With the increasing aridity of the Sanjiang Plain the salinization of meadow soil has been aggravated. In the early 1950s, patches of salinized meadow soil and gleyed and salinized meadow soil were limited to only the piedmont area at the Youyi State Farm. But large-scale reclamation has resulted in an expansion of the areas affected, and by 1975 the area of such soils amounted to 118,000 ha, or 0.7 per cent of the total cultivated area. in addition, salt has tended to accumulate in the surface layers (table 7.5), and the salinity of some tracts reclaimed earlier has increased from light to medium.

Fig. 7.6. Structural Changes in Burozem Soil Resulting from Local Desertification

TABLE 7.5. Changes in Salt Content of Saline Meadow Soil (mg/100g soil)

Years since
reclamation
Soil depth (cm)
0-5 5-10 15-30 0-30
2 63.0 123.0 17.0 101.5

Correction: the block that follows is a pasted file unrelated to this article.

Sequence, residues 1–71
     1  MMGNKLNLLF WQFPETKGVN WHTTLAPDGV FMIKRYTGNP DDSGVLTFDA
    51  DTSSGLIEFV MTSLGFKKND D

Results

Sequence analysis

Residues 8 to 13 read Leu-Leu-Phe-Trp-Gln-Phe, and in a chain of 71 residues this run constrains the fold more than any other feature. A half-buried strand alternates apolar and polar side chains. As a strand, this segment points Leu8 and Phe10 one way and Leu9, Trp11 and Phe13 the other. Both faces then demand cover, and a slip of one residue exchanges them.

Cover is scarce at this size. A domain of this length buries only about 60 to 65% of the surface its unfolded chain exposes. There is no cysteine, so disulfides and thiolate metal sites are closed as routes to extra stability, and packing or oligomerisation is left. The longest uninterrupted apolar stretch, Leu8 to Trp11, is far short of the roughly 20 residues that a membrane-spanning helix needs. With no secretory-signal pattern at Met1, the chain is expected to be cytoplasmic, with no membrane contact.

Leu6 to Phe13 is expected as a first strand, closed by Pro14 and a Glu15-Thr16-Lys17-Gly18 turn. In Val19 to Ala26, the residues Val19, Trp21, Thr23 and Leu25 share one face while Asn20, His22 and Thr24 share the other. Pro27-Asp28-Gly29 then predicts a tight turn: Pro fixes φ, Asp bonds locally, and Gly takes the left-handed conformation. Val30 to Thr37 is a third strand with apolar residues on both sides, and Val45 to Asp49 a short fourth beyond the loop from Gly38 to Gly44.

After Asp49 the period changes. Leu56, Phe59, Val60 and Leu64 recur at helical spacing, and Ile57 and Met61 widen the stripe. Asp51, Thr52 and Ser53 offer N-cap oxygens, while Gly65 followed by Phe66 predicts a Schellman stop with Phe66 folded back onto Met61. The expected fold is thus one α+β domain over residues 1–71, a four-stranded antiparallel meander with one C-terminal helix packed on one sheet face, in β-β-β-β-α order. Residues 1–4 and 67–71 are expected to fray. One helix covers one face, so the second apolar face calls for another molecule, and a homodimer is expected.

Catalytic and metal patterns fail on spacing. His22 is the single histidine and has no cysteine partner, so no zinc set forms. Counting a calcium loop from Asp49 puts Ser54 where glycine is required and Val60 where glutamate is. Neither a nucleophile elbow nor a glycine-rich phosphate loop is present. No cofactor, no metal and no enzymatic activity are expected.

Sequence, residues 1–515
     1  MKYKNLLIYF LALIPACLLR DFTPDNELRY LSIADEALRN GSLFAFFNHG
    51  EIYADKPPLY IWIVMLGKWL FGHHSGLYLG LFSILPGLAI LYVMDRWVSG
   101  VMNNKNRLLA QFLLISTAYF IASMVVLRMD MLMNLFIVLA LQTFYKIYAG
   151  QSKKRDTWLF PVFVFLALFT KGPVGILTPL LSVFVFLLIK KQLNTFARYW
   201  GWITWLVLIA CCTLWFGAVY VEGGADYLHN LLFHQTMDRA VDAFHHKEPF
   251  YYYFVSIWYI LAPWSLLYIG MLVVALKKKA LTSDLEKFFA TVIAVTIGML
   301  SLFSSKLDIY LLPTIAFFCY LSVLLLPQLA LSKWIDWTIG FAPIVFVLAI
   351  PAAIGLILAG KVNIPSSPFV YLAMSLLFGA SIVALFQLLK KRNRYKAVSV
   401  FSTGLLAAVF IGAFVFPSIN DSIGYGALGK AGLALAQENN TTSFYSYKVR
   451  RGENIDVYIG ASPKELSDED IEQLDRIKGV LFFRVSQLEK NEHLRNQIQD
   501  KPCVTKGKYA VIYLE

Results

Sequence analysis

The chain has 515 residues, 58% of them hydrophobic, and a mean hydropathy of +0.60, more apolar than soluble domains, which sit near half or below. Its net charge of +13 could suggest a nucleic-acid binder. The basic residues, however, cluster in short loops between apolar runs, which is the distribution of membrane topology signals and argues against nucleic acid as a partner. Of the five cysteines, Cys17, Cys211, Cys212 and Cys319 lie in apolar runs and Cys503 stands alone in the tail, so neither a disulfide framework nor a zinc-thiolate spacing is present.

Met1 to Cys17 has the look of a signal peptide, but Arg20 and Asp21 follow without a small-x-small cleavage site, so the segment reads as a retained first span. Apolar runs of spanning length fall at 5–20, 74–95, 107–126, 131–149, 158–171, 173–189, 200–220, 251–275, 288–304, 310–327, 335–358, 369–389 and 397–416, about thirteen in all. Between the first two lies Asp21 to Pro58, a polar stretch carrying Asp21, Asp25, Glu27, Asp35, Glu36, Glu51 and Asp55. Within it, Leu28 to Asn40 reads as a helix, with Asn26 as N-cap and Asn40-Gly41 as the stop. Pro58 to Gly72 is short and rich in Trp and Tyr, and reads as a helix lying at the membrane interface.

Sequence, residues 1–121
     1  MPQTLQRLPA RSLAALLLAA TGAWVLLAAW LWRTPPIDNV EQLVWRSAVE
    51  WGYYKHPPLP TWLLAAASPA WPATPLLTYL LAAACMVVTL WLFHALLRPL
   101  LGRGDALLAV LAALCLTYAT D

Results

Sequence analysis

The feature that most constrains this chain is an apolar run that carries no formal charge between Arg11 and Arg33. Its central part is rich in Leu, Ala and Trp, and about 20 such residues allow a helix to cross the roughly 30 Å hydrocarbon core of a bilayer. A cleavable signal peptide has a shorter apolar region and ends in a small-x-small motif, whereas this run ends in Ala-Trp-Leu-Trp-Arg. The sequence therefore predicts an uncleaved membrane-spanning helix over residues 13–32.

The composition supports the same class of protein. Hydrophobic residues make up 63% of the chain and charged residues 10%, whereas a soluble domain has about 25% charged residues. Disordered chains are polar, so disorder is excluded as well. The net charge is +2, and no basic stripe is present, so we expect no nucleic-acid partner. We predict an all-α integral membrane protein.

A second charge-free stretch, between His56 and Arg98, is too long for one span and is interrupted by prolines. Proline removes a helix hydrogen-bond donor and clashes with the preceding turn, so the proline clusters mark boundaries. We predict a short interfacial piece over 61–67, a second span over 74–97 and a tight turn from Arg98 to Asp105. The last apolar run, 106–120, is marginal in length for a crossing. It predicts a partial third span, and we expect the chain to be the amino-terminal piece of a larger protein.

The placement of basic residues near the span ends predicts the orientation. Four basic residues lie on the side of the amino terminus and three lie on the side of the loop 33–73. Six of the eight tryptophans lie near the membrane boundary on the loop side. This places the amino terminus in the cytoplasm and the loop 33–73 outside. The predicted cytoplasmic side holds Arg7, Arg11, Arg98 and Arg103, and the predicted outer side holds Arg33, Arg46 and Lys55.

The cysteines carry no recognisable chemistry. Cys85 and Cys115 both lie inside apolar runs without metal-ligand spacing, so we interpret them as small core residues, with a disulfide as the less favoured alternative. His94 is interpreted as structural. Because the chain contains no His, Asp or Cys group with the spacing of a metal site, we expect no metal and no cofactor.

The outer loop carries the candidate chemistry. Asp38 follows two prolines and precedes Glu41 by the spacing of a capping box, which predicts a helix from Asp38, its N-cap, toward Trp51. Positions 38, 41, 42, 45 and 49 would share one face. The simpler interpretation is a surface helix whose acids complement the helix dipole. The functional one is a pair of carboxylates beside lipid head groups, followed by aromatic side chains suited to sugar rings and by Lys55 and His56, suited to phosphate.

3 70.5 17.5 74.5 162.5
9 121.6 24.8 25.6 172.0

7. Aggravation of Soil Erosion

With the destruction of forests and meadows, soil erosion has become increasingly serious on the sloping Piedmont plains, hills, and low mountains which surround the Sanjiang Plain, as well as on the terraces in the plain itself. Near Wuerhuli Mountain, in south-eastern Fujin County, for example, there occurs a large area of secondary terraces. The area has been almost completely deforested during the last 70 years, and after three decades of cultivation the black-earth soil layer has been reduced from 30 to 10 cm in depth. Also new gullies, some over 100 m long and 6-7 m deep, are being formed on the slopes. By 1979,792,000 ha, or 26 per cent of the cultivated land in the region had been affected by soil erosion. An average of 5-6 mm/yr of surface soil is washed from cultivated slopes, the equivalent of 800-950 m/ha/yr. The sand content in the River Muling, Heilongjiang Province, averaged 33.5 kg/m in the five years before 1962, whereas it increased to 46.7 kg/m in 1975.5 Wind erosion in the Sanjiang Plain has always been common, and 670,000 ha are affected, 337,000 ha seriously.